Monday 1 October 2018

Free things to do in Brussels

When I travel, I usually try and do so on a budget – I’ve always found that doing it this way and saving as much as I can wherever I can means that I can squeeze in one extra trip with the leftover money. And you don’t need to spend a lot when you’re on holiday, especially if you’re on a city break; I usually tend to visit little Polish cities that aren’t too touched by tourism, but as you’ll know if you read my blog, this year I went to Brussels. It’s the capital city of Belgium and home to the EU Parliament and NATO and loads of other important things that make the city a business hub for thousands of people. But there are some free things to do in Brussels that will leave you with plenty of money for beer and waffles.

Visiting the Grand Place itself is completely free, and the architecture is so genuinely stunning, so woven with beauty and so intricate that just standing there is an experience in itself. On a sunny day the gold sparkles from every angle and the square is quite often frequented by street performers – I was lucky enough to see a man on a harp alongside a young boy playing a whistle, and later on that day I sat with my back against a lamppost, listening to a busker while kids and adults alike danced around to his gorgeous voice. I tipped these street performers a couple of euros each, but essentially it was free to sit and listen and bask in the music and sunshine. At one end there's a free selfie machine which somehow allows you to take a panoramic selfie in the Grand Place. I’m not entirely sure how it works or how long it's there for, and every time I passed there was a massive queue, but it is completely free. If you get there at the right time (every other August) as I was lucky enough to do, you’ll also get to see the Brussels flower carpet which is woven out of begonias and created by volunteers – I’d heard of it before but had completely forgotten about it, and it was completely by chance that it was there when I was. It’s so beautiful and you can stare at it for as long as you want, free of charge.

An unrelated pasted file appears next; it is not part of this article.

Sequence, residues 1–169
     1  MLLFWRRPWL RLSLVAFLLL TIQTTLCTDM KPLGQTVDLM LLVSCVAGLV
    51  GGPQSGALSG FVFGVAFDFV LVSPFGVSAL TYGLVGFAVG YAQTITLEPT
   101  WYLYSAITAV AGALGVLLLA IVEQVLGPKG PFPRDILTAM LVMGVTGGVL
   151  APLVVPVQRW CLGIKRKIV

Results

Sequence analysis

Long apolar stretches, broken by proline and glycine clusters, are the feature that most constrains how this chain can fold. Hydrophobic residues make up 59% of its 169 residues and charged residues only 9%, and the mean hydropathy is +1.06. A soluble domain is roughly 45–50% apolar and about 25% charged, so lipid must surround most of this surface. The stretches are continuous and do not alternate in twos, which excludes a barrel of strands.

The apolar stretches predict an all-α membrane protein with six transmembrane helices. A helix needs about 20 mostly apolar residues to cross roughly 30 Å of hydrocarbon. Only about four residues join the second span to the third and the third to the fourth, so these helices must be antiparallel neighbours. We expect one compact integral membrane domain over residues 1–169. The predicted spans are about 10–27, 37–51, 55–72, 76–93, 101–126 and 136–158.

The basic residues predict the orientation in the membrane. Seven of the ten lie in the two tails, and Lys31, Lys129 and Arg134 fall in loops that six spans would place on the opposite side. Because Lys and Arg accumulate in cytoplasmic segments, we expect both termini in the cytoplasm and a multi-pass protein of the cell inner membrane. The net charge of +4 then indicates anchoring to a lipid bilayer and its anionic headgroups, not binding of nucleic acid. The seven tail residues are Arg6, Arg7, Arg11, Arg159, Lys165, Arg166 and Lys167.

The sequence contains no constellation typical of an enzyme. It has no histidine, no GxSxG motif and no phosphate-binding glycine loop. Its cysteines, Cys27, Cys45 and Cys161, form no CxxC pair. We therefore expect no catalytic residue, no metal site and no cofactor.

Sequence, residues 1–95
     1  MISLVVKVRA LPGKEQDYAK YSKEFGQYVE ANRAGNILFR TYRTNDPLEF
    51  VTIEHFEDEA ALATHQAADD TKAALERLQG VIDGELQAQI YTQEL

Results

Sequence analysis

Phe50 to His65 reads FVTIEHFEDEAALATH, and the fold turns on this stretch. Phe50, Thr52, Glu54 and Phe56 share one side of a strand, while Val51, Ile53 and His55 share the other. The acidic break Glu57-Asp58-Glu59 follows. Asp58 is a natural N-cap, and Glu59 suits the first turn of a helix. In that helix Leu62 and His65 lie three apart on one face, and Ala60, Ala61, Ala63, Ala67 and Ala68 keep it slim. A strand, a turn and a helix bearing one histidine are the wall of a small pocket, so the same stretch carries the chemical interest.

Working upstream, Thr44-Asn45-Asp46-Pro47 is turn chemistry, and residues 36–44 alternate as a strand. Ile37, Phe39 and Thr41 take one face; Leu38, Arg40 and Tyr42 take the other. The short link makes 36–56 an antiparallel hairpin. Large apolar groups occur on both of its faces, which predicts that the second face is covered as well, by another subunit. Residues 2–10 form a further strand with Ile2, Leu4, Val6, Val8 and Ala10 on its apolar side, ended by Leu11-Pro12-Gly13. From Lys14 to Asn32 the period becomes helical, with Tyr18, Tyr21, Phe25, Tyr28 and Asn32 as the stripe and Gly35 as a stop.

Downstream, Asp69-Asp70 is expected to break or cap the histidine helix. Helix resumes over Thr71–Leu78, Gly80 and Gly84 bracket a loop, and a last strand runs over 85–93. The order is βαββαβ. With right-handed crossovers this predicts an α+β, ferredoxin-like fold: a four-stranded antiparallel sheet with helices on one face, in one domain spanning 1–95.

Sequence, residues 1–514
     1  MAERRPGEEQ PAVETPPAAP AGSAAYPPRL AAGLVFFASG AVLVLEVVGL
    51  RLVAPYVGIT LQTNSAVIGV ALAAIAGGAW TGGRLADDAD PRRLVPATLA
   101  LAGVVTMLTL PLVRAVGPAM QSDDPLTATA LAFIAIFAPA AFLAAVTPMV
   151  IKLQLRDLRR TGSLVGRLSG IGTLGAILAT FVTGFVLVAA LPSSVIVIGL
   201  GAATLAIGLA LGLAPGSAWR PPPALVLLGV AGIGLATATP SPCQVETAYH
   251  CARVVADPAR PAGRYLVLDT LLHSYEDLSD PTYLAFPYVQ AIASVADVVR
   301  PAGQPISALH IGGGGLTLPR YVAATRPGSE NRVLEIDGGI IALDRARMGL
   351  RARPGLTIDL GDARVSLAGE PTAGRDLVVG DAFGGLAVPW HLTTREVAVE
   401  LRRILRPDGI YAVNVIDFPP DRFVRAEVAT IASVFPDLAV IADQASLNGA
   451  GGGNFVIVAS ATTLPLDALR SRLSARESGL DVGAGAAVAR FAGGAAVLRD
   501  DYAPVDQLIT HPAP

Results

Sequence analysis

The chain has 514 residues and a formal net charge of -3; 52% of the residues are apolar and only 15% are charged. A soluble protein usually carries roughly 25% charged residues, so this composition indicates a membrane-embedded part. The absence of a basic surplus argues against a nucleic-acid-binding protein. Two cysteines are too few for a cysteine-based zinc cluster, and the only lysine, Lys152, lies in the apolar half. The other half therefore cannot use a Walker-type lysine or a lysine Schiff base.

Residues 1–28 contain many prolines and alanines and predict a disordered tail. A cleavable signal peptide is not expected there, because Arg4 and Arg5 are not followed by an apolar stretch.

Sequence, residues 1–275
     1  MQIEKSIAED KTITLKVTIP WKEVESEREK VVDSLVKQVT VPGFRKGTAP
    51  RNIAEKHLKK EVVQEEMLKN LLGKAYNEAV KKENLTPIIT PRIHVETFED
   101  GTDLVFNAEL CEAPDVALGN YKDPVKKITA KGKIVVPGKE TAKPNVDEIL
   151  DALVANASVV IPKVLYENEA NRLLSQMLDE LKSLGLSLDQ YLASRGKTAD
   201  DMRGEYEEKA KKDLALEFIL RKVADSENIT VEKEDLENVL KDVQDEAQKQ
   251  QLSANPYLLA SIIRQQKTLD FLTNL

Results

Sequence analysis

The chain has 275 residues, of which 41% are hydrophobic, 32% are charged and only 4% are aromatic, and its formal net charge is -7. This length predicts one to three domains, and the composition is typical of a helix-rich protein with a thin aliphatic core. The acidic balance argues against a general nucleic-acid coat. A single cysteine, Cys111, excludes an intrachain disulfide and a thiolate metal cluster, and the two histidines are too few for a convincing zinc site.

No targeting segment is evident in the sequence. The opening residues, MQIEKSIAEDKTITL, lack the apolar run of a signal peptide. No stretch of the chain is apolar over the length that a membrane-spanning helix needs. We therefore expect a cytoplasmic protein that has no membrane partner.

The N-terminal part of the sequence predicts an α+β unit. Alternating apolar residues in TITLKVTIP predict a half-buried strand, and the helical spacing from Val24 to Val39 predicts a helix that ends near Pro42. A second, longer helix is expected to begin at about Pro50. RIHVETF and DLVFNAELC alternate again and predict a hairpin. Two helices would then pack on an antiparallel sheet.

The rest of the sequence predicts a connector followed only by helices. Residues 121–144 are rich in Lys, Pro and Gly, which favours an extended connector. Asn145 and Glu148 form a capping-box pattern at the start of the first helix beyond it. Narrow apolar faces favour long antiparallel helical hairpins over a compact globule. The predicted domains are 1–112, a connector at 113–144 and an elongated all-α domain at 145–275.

Most cities offer free walking tours both day and night, where mostly you have to follow someone who’s carrying an umbrella and you stop at various hotspots around the city. I didn’t do a walking tour in Brussels, although after finally doing one in Bruges which Holly booked for us, I kind of wish I’d done one in Brussels. The guides are often locals who know a lot about their city and have a wealth of knowledge to share with you, and you really can find out information that you wouldn’t really know otherwise as well as getting to see some hidden gems that you might not think to visit on your own. A quick Google search will lead you to loads of different free walking tours, so depending on what you’re after you’re bound to find something to suit you. They’re definitely worthwhile, in my opinion, but be warned you might get stuck with some really annoying people who love the sound of their own voice. It’s sort of expected that you tip at the end, but sometimes you’ll get a free pint or something like that, so it works out pretty well.

On the first Sunday of every month, and the first Wednesday afternoon of the month, if that’s when you happen to be in the city, loads of the museums in Brussels are completely free to get into. Obviously this one is completely dependant on your travel dates, but it’s really handy to know that you can pop in and see some exciting things, learn something new or just escape the hustle and bustle of the city for completely free if you time it right. You can find a complete list HERE of the museums that won’t cost you a penny to visit on some occasions.

Despite being a city, and quite a busy one at that, there are quite a few parks and green spaces dotted across Brussels if you know where to look; I personally visited a little patch of grass (probably not even considered a park) that’s opposite the beautiful cathedral – which is also free to enter, and you might catch the amazing organ music – where I sat and read my book. There was a pop up bar there so I did pay for a beer, but if you really want to do it on the cheap there are loads of newsagents and little supermarkets strewn across the city where you can buy a few cans or bottles to relax with. The main park is Parc de Bruxelles and it’s massive, and there is also the Mont des Arts park and garden which has benches and a really nice view.

Street art isn’t, from what I saw while I was there, as big of a deal in Brussels as it is in some cities but that’s not to say there isn’t any; for example, right by the aforementioned Mont des Arts there’s a set of stairs, and on the wall somebody has attached frames so that the stains and marks look like abstract pieces of artwork. I loved this – it’s such a quirky little piece of art and the captions made me laugh, and had me straining my eyes to work out if I really could see a man with a backpack. This was completely free to see, and I really enjoyed it. Near my hotel there was a lot of art, from a gorgeous giant lighthouse painted onto the side of a building (sadly I didn’t get to snap a picture because I was rushing to make my train to Ghent when I saw it) to some neon monsters on the walls of the buildings that line the canal. I’d have liked to find some more street art, but there are loads of cool pieces dotted around – just keep looking up and around, and you’re bound to spot some.

So as you can see, there’s plenty of free things to do in Brussels if you’re travelling on a budget – you don’t need to spend loads to have a good time, and I think that’s the best thing about travel. PS, click HERE to book hotels in Brussels.

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